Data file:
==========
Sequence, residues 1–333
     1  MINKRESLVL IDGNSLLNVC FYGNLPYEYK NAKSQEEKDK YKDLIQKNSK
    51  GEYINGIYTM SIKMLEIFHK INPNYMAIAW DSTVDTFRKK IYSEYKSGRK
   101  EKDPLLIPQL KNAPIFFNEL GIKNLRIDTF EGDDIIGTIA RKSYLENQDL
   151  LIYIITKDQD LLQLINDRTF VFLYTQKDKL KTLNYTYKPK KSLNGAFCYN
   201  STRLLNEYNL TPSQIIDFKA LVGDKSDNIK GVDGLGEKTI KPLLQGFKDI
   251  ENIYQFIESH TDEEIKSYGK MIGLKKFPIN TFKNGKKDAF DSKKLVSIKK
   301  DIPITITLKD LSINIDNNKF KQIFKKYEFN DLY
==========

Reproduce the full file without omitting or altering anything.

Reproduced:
Sequence, residues 1–333
     1  MINKRESLVL IDGNSLLNVC FYGNLPYEYK NAKSQEEKDK YKDLIQKNSK
    51  GEYINGIYTM SIKMLEIFHK INPNYMAIAW DSTVDTFRKK IYSEYKSGRK
   101  EKDPLLIPQL KNAPIFFNEL GIKNLRIDTF EGDDIIGTIA RKSYLENQDL
   151  LIYIITKDQD LLQLINDRTF VFLYTQKDKL KTLNYTYKPK KSLNGAFCYN
   201  STRLLNEYNL TPSQIIDFKA LVGDKSDNIK GVDGLGEKTI KPLLQGFKDI
   251  ENIYQFIESH TDEEIKSYGK MIGLKKFPIN TFKNGKKDAF DSKKLVSIKK
   301  DIPITITLKD LSINIDNNKF KQIFKKYEFN DLY